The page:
In late March, a press release for a nutrition study hit the web and announced a finding that made a lot of people very, very happy. A team of researchers found that eating chocolate daily was associated with weight loss, and a slew of articles sharing this fantastic news followed. This is great! Everybody, hurry up and go buy some chocolate!
Direct from that press release, here are a few salient points about the study:
Researchers divided volunteer human subjects aged 19 to 67 into three groups: One group followed a strict low-carbohydrate diet, another group followed the low-carbohydrate diet and also consumed 42 grams of dark (81%) chocolate per day, and a control group followed their status quo diet.
Sound reasonable so far? Okay, good. Here are a few points about the results:
As predicted, the low-carb group lost weight compared to the control. But surprisingly, the low-carb plus chocolate group lost 10% more weight. Not only that, but the weight loss persisted, compared to the low-carb group which saw a return of the weight after 3 weeks—a classic problem in dietary interventions known as the “yo-yo effect”.
To many folks, this might sound too good to be true. And, well…yup. Yesterday, in a post I highly encourage reading, the author of that study let us all know it was a hoax. That’s not quite fair, actually. It turns out that the study was not technically a hoax — the effect it found was real and the study was designed similarly to many nutrition studies. But it was intended to mislead, and as the linked article will support, it succeeded mightily in that respect.
The authors of this study created it to serve as a sort of sting operation designed to expose how poorly a lot of nutritional research is done and how easy it is to get shoddy data into both mainstream publications and actual industry journals. This is an ethically problematic thing to do, but (I think) I’m glad they did it. Here’s why.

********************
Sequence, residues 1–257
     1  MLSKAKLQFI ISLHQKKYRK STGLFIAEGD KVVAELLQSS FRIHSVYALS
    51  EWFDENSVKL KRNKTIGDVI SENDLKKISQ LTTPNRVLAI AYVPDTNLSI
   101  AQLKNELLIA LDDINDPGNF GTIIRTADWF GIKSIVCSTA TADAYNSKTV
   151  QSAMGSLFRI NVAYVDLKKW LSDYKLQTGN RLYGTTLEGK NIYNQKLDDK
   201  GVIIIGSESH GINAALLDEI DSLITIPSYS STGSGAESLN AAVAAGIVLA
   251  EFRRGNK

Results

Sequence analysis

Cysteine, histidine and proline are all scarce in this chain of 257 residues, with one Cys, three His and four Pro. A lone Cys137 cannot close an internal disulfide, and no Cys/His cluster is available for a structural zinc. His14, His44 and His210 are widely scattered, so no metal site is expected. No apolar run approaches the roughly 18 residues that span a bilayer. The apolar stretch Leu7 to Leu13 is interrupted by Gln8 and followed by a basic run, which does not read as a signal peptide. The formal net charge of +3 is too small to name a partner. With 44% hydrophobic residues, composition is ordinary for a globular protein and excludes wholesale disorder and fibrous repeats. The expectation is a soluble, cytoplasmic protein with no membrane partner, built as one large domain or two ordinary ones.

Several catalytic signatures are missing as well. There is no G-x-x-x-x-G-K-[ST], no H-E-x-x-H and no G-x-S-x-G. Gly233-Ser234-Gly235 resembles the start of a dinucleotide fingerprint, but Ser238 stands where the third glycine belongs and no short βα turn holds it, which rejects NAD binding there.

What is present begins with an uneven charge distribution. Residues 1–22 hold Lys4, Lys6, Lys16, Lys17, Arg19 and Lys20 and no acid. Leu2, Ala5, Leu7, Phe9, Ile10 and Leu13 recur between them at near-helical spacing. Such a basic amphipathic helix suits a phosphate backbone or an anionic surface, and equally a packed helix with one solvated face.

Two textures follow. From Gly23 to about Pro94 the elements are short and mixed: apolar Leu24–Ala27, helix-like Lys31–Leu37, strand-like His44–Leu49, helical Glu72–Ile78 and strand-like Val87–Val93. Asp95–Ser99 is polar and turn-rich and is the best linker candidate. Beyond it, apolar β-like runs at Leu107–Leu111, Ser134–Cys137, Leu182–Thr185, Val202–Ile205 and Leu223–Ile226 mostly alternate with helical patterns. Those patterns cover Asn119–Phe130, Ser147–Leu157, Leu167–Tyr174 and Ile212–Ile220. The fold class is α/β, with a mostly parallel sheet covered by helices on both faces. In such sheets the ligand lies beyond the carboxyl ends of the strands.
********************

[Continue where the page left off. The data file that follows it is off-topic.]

Nutrition is a huge business. We hear a lot about the “obesity epidemic” in the U.S. and in other wealthy nations. There are millions of people around the world who worry about their health and weight but remain unsure exactly what to do about it because information is coming at them as if from a firehose. Eat this! Don’t eat that! This causes cancer. That reduces the likelihood of cancer.
And the information is often contradictory. Why?
There are a lot of reasons why scientific results are often so misleading, but scientific journalism and the research industry itself bear at least part of the blame. As a researcher, there’s significant pressure to make an impact and a name for yourself, to get your results to a wide audience. Such pressure can lead to studies like the one referred to above. Relying on poor research design, studies can be set up to succeed at finding something, anything that can be passed off as significant. Meanwhile, science journalists are under the same sorts of deadlines and pressures as every other reporter. The omnipresent news cycle requires constant feeding, and even though it does not excuse it, it’s understandable why journalists cut corners at times. It’s often more important to be first than to be right.